Seven Happy Holiday Money Tips

Tax Planning

As we get ready to share Thanksgiving with our families, we may overindulge on our eating, but Ginita Wall shares seven great tips to keep you from overspending if you hit the stores over the Holidays.

I’ve been saving up for the holidays. Not money – I’ve been watching my waistline so I’ll be able to overindulge myself without guilt (with so many cookies to eat, I don’t know where to start).

As for finances, I’ll keep my holiday budget in check as best I can, but just as it’s easy to overeat during the holidays, it’s easy to overspend, especially if you buy on credit.

People spend about 15% more on purchases they pay for with a credit card than when they shell out cold cash or use a debit card that subtracts the purchase immediately from their bank balance.

To help you through the holiday rush and keep your spirits bright, here are seven tips to make the most of your money, and save on your taxes to boot – now there’s a real gift!

1. Make a gift-giving budget and stick to it

You don’t have to be a Scrooge to save money. Join with others to purchase big gifts, or give a family gift rather than individual gifts. If your family is big, draw names so that each person only has to buy one gift, or, only give gifts to the children in the family.

2. Save time as well as money

Doing your shopping during the day let’s you spend important time with your family at night. Take a longer lunch one day each week during the holiday season, and cut your lunch short the other days to make up for it. Or look for shopping bargains at your favorite Internet sites. Just be sure to shop early to allow extra time for shipping.

3. Spend strategically

Decorate on the cheap. Bundle pine boughs to capture the scent of the holidays, or buy wide velvet ribbon and tie bows on everything from doorknobs and banisters to candlesticks. The less you spend this holiday season, the more money you’ll have for fun the rest of the year.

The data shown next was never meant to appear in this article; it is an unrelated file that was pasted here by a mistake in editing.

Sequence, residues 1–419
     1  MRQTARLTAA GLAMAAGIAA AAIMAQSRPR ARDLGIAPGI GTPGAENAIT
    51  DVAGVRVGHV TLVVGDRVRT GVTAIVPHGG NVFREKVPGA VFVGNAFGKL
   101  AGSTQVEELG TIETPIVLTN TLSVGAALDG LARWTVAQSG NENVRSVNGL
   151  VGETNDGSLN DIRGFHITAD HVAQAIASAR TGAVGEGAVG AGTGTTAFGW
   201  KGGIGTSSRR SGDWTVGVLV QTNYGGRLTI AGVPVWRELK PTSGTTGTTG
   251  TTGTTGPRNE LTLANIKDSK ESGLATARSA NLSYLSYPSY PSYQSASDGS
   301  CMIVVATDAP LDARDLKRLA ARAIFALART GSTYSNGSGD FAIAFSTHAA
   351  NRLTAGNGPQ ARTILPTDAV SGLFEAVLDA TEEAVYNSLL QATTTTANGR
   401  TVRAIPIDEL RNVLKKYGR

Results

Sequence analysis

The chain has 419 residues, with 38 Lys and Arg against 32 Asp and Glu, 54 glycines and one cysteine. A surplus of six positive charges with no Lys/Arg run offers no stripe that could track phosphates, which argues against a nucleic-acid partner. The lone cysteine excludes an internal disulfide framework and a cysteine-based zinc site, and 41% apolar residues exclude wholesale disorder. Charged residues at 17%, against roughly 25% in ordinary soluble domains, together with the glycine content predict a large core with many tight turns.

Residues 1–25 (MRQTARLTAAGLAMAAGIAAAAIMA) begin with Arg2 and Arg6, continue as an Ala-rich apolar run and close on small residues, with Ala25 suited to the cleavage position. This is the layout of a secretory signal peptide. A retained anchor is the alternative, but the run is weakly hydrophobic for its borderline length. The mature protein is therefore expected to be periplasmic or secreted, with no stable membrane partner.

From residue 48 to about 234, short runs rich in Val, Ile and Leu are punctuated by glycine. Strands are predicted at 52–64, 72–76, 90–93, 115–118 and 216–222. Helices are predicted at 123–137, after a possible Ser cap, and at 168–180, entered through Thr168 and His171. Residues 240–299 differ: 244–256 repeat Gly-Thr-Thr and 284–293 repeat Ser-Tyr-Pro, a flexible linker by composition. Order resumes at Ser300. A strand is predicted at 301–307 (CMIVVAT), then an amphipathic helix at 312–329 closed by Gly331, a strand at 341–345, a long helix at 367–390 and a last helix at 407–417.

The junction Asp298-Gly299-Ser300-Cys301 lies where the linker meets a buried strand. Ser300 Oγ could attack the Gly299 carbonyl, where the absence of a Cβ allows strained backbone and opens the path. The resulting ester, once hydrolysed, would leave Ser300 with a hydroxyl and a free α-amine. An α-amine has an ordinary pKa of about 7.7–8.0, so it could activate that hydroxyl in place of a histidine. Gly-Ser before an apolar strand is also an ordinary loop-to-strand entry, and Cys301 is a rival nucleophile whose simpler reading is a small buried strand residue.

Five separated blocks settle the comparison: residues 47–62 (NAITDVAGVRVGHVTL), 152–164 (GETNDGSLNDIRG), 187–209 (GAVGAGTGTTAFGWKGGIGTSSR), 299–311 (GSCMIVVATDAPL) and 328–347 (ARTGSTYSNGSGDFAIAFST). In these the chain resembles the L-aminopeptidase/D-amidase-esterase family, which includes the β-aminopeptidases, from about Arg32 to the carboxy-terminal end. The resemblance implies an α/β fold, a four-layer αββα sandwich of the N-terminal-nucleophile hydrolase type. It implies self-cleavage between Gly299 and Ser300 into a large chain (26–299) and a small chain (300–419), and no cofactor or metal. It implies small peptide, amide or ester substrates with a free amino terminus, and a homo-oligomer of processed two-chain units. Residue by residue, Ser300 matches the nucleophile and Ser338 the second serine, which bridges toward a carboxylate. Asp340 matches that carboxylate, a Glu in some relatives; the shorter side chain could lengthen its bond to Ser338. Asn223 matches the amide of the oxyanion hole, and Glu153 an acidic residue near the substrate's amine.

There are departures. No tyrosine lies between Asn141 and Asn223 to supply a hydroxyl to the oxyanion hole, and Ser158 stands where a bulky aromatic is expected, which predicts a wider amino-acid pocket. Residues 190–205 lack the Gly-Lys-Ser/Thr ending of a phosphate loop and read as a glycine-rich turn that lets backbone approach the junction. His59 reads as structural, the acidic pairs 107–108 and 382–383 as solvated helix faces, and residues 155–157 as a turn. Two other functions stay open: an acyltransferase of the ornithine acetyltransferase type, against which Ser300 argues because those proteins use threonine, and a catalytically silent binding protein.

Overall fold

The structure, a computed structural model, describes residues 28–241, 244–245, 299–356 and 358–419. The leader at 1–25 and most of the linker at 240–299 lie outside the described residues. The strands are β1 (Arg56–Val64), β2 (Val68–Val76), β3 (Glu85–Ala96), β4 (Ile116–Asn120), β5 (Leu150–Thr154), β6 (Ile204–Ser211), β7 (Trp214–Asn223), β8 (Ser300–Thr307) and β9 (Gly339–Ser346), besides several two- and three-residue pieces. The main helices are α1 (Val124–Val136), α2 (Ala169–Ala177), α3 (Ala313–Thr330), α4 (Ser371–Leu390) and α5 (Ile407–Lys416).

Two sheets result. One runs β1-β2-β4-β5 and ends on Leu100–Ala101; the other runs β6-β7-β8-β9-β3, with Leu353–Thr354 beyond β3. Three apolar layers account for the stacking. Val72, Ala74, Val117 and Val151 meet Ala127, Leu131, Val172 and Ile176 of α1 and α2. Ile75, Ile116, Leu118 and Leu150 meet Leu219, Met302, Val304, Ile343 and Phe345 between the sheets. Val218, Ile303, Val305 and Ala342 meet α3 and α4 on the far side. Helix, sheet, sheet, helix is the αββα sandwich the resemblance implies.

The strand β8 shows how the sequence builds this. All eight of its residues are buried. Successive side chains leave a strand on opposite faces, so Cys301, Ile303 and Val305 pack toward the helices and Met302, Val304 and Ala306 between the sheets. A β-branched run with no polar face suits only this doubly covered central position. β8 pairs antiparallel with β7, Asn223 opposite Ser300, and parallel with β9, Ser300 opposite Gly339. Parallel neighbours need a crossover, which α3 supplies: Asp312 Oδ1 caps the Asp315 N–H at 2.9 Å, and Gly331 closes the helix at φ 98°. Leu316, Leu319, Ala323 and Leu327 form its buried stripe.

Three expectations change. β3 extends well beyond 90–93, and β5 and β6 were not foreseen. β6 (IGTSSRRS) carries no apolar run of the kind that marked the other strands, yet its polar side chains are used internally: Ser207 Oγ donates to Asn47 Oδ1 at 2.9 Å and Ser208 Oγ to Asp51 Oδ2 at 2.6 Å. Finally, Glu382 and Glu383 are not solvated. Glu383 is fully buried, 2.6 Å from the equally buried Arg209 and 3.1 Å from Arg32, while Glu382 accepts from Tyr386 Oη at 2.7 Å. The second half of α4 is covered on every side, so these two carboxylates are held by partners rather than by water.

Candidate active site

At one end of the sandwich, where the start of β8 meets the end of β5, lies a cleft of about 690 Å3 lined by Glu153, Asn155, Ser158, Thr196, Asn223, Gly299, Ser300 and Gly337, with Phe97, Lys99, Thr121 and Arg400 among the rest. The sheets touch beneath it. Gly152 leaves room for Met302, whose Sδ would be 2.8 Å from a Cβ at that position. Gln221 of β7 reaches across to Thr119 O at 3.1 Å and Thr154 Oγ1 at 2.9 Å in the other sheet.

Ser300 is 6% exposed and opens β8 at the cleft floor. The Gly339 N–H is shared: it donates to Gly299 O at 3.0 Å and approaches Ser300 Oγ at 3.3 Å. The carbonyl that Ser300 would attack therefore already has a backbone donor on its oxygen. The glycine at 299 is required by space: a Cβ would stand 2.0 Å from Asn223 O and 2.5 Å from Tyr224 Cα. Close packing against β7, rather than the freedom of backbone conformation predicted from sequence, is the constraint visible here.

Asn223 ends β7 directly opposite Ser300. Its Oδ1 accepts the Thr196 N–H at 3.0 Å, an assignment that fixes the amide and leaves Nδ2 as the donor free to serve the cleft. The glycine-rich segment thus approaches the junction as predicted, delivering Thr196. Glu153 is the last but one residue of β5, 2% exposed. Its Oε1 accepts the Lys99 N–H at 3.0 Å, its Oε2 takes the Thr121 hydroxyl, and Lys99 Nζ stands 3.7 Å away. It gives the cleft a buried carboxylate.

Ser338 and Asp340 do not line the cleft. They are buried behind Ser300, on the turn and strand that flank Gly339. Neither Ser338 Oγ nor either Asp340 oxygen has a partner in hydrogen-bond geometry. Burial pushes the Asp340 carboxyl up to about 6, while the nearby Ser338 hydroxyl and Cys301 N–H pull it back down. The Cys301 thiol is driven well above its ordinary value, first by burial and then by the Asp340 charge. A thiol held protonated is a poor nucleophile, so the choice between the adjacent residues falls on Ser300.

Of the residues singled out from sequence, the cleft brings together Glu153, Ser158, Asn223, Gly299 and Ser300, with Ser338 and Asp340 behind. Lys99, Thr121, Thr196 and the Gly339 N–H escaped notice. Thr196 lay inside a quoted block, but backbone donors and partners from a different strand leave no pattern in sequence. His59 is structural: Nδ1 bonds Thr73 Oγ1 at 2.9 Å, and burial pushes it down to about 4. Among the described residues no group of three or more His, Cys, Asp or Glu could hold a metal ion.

4. Give from the heart and hearth

Bake bread, knit a scarf or make a personalized scrapbook. That tells the recipient you invested time and love – and that makes it priceless! If you buy gifts, be sure it’s something the recipient wants. More than 40% of people still have at least one unused holiday gift from last year in the back of their closet.  And speaking of closets…

5. Clean out your closets

Donate to charity the old clothes, sporting goods, books, and other household goods that you no longer use. Document these donations by making a list of the items at the time you donate them, and use ItsDeductible to compute the value of your donation. You’ll begin the New Year with new space in your life, and get a quick tax deduction to boot.

6. Prepare for next year right after the holiday

Buy your decorations, gift wrap, and cards for next year at this year’s post-holiday sales. And after paying off this year’s bills, put aside $50 to $100 a month for next year’s holiday presents. You’ll emerge from next year’s holiday rush debt-free. And while you are preparing for next year…

7. Do a rough calculation of your taxes for this year now

TurboTax TaxCaster 2013 is live, so you can use it to estimate this year’s taxes. The IRS treats income taxes withheld from your paycheck as if it were paid in equal amounts throughout the year. So if your calculations show you’ll owe money, you can increase the withholding on your last paychecks of the year to make up the difference.

Above all, remember to enjoy the holidays. Don’t stress yourself, spend yourself into debt or spread yourself too thin trying to create the perfect celebration. Memories make themselves when you cherish time with friends and family.

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